Amy, Allie and David Steinmetz have been committed volunteers for the past seven years. Though Amy and Allie are only 16 and David is 12, they have co-authored a book entitled “Our Dad Died” and have established the “No Butts About It” Litter Campaign.
When the children lost their dad eight years ago, they were devastated. The books on grief were written by adults and reflected an adult point of view. In their small community, there were no other children with this type of loss to form a support group. They communicated their feelings and experiences in journals and after the tragic events of September 11th when everyone in the nation wanted to do something to help. They realized that their best contribution was to share their thoughts with the kids who had also lost a parent. They put together their journals and donated it to various charities for distribution to the children. The letters of praise they received motivated them to help other children who were feeling isolated and in need of support but who had not access to counseling services or another means of a communication outlet. Their book was published and they are donating a portion of their proceeds to Hospice to help create stronger children’s grief services.
In 1996 the Steinmetz children were doing a beach clean up and noticed the large amount of littered cigarette butts. Because of that, they started the litter campaign. Since then, they have reached many individuals or groups in 48 states and several countries. The campaign is aimed at raising awareness of the problems caused by cigarette butt litter, such as destructive fires, sickness in toddler who accidentally ingest littered butts, harm to animals and marine life and the harmful pollution effects, which are the highest form of litter in roadside and beach clean ups.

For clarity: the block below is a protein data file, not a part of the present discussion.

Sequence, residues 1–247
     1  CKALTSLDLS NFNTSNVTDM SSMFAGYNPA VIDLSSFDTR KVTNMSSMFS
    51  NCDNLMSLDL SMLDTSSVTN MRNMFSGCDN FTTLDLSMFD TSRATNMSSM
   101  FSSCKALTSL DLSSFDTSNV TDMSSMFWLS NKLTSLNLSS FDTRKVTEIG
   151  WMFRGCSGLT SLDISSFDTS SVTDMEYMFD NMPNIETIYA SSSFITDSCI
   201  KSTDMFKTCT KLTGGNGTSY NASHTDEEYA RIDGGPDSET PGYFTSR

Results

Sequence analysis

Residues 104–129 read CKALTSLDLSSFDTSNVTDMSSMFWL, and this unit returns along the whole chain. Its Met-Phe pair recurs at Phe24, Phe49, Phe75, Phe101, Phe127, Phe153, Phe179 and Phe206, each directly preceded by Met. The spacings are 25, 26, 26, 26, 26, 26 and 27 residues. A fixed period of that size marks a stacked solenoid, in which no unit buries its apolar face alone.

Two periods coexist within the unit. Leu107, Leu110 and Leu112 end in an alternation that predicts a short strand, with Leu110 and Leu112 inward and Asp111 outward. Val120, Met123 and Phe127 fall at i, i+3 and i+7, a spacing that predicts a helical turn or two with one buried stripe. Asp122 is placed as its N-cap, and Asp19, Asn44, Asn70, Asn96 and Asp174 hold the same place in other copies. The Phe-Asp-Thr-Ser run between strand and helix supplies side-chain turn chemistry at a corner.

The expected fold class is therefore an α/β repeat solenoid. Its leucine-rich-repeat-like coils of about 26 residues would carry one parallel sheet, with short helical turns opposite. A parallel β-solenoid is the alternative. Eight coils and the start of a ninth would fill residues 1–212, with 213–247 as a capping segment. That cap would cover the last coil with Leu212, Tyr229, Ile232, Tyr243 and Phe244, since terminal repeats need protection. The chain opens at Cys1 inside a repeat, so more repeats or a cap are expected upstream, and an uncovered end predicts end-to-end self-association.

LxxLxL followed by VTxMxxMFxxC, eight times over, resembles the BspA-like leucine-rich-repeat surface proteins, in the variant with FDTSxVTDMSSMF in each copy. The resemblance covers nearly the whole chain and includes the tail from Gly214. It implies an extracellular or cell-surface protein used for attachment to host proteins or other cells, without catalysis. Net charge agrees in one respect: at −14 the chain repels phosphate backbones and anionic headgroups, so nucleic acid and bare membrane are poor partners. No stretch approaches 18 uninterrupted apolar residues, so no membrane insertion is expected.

The “No Butts About It” campaign has motivated other efforts and has been used in the impetus for proposed legislation in Connecticut for three years by Senator Joseph Crisco. This campaign has also raised awareness of this often-unconscious habit. The youth spend many hours every week reaching out to different facets of society, asking that their posters with the slogan, “The Earth is Not Your Ashtray, No Butts About It” be hung in order to alert smokers of the effects of littered butts. They have been an example among their peers that children can make a difference. As a result of their efforts, Keep America Beautiful has now launched an initiative on this environmental hazard. The Steinmetz children have vowed to continue on their quest until the world is butt-free.
Both of these projects have had and will continue to have far-reaching impact. They will result in a cleaner environment for our global community and in helping grieving young children to be able to smile again.